LTVA has had changes |

LTVA has had changes

Sally J. Taylor

In March, the Lake Tahoe Visitors Authority adopted a five-year strategic plan that will change its future focus to, hopefully, drive tourism dollars upward.

It’s not the first time the organization has changed direction.

On Oct. 8, 1992, the Lake Tahoe Visitors Authority underwent a one-day transformation resembling bureaucratic liposuction.

Wielding the suction tubing, the Lake Tahoe Gaming Alliance presented the board of directors with a plan to streamline and refocus the LTVA into a lean, mean marketing machine.

“Given the overall small budget, there was a desire to see more of it go directly to marketing,” recalled Steve Teshara, the executive director of the Gaming Alliance and the person who presented the plan. “(The LTVA) was heavily weighted on the salary side.”

While the Gaming Alliance did the pushing, everyone was ready for change. Tourism numbers had declined for five years. Even the mission statement was being questioned by the board.

From a total budget of $2 million, more than half went to infrastructure.

“It was serving the wrong master,” said John Wagnon, a member of the board of directors then and now and the vice president of marketing for Heavenly Ski Resort. “I supported that change even though two friends lost their jobs.”

The board accepted most of the 10-point plan.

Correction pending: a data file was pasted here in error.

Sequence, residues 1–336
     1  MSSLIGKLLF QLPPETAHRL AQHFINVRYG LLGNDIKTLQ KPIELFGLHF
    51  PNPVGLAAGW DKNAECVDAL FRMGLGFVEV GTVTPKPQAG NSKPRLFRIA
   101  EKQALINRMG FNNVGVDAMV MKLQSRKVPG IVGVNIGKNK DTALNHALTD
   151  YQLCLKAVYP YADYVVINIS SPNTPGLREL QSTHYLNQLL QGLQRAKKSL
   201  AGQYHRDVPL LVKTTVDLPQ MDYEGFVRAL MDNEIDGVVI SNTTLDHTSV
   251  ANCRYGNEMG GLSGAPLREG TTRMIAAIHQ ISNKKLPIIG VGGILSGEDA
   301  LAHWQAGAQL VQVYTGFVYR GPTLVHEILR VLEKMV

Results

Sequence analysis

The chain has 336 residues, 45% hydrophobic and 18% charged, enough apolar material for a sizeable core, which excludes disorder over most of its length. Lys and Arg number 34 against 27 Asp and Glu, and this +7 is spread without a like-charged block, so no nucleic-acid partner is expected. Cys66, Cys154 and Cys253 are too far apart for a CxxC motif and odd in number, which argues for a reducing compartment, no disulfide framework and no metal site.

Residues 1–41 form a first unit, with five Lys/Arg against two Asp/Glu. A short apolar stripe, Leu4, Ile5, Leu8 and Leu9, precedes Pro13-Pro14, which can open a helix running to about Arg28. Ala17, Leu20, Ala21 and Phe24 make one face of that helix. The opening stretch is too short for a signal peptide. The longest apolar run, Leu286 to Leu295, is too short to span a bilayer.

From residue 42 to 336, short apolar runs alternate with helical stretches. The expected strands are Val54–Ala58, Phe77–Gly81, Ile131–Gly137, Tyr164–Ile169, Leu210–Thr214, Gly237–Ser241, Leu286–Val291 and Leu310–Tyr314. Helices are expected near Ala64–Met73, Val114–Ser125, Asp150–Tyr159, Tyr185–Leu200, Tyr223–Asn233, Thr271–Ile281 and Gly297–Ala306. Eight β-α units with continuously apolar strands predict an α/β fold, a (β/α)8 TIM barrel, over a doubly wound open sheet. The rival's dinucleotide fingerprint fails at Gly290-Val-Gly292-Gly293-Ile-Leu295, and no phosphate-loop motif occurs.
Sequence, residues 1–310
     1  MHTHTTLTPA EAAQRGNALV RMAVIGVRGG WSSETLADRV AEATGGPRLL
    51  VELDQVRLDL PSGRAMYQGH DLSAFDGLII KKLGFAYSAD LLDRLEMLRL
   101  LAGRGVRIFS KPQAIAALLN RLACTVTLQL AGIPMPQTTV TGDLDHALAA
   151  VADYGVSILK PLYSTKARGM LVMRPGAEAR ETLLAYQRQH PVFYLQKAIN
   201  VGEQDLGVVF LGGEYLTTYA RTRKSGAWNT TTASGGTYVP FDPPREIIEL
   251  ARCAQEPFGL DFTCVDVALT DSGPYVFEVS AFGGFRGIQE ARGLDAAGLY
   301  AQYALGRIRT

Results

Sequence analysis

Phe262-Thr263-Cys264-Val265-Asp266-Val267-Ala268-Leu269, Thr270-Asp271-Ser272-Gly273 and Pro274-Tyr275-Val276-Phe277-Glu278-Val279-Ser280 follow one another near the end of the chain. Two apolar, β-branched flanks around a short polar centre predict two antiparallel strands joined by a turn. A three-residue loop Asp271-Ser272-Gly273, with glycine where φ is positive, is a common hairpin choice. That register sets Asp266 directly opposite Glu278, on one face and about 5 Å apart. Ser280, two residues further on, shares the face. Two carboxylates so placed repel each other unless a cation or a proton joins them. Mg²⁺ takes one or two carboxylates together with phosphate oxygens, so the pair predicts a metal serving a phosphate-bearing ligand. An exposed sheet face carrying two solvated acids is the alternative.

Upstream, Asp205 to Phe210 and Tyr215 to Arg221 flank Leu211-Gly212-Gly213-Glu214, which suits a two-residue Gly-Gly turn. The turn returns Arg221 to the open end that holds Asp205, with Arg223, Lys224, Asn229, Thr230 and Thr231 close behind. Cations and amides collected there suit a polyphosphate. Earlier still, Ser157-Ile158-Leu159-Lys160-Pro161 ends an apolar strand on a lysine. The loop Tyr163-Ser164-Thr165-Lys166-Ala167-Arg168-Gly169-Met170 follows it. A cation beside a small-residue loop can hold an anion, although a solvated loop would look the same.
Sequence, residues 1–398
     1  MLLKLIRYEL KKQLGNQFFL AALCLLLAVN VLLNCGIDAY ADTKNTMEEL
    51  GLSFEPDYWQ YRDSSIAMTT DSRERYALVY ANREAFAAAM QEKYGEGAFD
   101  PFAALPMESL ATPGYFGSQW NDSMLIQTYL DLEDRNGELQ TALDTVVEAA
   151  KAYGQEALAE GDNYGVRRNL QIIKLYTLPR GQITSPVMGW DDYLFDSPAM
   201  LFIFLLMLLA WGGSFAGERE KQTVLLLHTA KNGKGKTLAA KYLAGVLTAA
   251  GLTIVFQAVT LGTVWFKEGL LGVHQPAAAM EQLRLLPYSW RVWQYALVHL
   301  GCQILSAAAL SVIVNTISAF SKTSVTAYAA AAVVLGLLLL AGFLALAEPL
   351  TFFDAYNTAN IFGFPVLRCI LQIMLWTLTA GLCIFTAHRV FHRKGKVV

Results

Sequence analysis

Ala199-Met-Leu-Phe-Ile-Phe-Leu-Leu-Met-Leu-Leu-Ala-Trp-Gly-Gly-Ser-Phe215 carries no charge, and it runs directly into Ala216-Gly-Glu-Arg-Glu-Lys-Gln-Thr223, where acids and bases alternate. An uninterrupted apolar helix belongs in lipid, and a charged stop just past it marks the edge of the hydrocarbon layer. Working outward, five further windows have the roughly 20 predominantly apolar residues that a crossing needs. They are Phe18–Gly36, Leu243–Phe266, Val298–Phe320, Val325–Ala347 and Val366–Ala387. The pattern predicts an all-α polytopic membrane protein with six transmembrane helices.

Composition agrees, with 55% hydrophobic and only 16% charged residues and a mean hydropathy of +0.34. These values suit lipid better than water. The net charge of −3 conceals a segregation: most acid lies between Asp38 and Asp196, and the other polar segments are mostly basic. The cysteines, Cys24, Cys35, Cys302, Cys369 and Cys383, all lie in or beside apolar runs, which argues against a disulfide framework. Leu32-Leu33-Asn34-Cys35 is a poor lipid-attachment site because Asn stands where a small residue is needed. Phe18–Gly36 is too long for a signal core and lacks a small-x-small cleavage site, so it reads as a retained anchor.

To the alliance-proposed mission statement, the board added only the phrase “other recreation” so that it read: “The LTVA will attract gaming- and other recreation-oriented overnight visitors to the South Shore of Lake Tahoe … .”

A few weeks later the mission statement was again revised to decrease the gaming emphasis.

Point 10 did not pass. It proposed that the make-up of the board be reorganized to reflect funding. It would give Nevada and gaming two-thirds of the seats because about 65 percent of LTVA’s funding originated as room taxes collected in Stateline casinos.

Nevertheless, the transformation of the LTVA was dramatic.

In the following months, the 12-person LTVA staff was reduced by seven. Committees took over some of the duties previously done by staff.

Some programs were contracted out, including the toll-free reservations number now managed by BASS Tickets.

The advertising budget doubled from $600,000 to $1.3 million. More dollars were pumped into billboards, radio and print advertising in California.

Though the board accepted the change, the controversy continues to rage. Many accuse the gaming industry of being heavy-handed.

“There’s no evidence we dominate the LTVA in any way shape or form,” Teshara said. “We have one vote on a seven member board.”

“Any time you disassemble an organization, its a hard thing to do,” Wagnon said. “It was misread by the public. Everybody on the board agreed it needed to be done.”

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